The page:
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February 22, 2012

MADIGAN: SYNTHETIC DRUG BUST CONDUCTED IN PEORIA COUNTY

Chicago — Attorney General Lisa Madigan today announced investigators from her office conducted an “Operation Smoked Out” undercover bust in Peoria County that resulted in the relinquishing of 683 packages of bath salts and synthetic marijuana from local retailers. Madigan said the surrendered products carry a street value of $10,059.

“These operations are intended to put retailers on notice that synthetic drugs are illegal and have no business being sold in Illinois stores,” said Attorney General Madigan.

Madigan announced the results of the operation today in Peoria, joined by Peoria County Sheriff Michael McCoy, State’s Attorney Gerald W. Brady Jr., and Peoria Police Chief Steven Settingsgaard.

Peoria county and municipal authorities joined investigators from the Attorney General’s office in a sweep at the following locations:

  • Western Fuel Mart, 1016 S. Western Ave., – 228 packages relinquished;
  • Lincoln Food Mart, 1901 W. Lincoln, – 15 packages relinquished; and
  • Excessive Colors, 416 W. Main St., – 440 packages relinquished.

Today’s operation is part of Madigan’s “Operation Smoke Out.” Investigators have conducted undercover sweeps at retailers in Adams, Bond, Grundy and Vermilion counties, as well as in the Southern Illinois cities of Pinckneyville and Centralia.

The store sweeps are part of Madigan’s ongoing effort to address the growing use of synthetic drugs, particularly among teens and young adults. Poison Control Centers across the country have reported a dramatic increase in calls about synthetic marijuana and “bath salts,” another type of synthetic drug that contains chemical compounds that mimic the effects of cocaine or methamphetamine. In 2010, Poison Control Centers nationwide received 2,915 calls related to synthetic marijuana use. That figured jumped to 6,890 calls in 2011. Reports of bath salts were made 303 times to Poison Control Centers in 2010. A year later, the centers received 6,072 calls about bath salts.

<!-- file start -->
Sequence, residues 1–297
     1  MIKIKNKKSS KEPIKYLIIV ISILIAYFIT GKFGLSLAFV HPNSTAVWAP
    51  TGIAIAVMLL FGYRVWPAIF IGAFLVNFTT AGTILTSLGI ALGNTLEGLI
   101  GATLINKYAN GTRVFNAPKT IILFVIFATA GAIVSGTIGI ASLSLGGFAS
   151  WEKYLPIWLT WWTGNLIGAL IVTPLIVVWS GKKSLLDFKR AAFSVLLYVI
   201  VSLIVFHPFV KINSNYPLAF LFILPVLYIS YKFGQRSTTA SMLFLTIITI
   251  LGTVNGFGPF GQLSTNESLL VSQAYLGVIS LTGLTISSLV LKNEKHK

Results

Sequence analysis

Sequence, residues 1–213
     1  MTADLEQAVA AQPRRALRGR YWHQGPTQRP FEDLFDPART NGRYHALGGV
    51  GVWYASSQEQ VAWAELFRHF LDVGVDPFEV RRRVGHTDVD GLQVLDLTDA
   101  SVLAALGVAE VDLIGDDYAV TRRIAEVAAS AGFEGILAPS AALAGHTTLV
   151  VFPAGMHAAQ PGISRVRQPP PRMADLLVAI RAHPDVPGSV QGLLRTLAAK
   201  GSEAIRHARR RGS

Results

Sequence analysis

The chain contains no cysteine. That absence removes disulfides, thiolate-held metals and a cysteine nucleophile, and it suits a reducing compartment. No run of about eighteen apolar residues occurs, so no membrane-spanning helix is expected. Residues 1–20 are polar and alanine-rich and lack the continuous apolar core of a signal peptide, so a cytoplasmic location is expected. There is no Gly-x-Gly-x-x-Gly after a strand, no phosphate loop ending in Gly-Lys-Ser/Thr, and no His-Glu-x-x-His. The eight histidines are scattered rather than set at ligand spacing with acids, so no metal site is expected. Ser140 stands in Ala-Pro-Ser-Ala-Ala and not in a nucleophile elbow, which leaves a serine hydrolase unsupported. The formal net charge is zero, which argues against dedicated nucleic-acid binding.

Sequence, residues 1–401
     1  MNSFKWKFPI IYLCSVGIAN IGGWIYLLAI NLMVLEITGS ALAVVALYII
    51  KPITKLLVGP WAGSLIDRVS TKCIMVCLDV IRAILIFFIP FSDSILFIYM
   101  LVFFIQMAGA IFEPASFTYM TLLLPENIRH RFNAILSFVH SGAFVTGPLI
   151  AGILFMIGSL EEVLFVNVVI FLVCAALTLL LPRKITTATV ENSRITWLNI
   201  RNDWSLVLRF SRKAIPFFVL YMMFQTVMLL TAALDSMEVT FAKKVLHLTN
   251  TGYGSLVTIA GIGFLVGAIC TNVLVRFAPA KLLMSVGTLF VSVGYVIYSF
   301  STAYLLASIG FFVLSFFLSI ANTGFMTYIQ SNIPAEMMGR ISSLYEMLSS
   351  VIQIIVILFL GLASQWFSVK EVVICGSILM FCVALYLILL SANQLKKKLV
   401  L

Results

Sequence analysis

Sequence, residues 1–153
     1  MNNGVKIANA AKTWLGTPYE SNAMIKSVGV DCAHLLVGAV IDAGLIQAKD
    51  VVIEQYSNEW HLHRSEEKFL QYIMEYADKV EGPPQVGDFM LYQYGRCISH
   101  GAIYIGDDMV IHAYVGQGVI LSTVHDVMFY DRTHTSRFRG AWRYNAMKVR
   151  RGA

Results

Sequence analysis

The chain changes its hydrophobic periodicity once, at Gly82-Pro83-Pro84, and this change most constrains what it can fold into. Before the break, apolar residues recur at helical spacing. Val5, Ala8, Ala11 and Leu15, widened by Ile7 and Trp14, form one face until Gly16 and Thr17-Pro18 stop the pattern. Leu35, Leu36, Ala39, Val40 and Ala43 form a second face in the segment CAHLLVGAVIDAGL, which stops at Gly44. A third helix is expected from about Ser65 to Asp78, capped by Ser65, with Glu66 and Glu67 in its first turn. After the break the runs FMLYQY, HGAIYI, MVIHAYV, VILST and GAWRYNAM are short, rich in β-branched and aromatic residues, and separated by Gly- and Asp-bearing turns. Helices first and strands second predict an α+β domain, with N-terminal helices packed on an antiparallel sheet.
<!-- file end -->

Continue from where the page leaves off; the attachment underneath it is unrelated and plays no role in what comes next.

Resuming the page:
States, including Illinois, initially responded to the rise of synthetic drug use by passing laws that banned specific formulas of synthetic marijuana and bath salts. Drug makers attempted to sidestep these laws by replacing the banned chemicals with new formulas. A new Illinois law that went into effect on Jan.1, 2012, takes a broader approach and bans all chemicals that are structural derivatives of the previously banned chemicals.

Prior to that law going into effect, Attorney General Madigan hosted the first-ever statewide emergency summit in November 2011 in Springfield to help increase awareness about synthetic drug use among state, county and local law enforcement officers as well as educators, health care professionals and parents.

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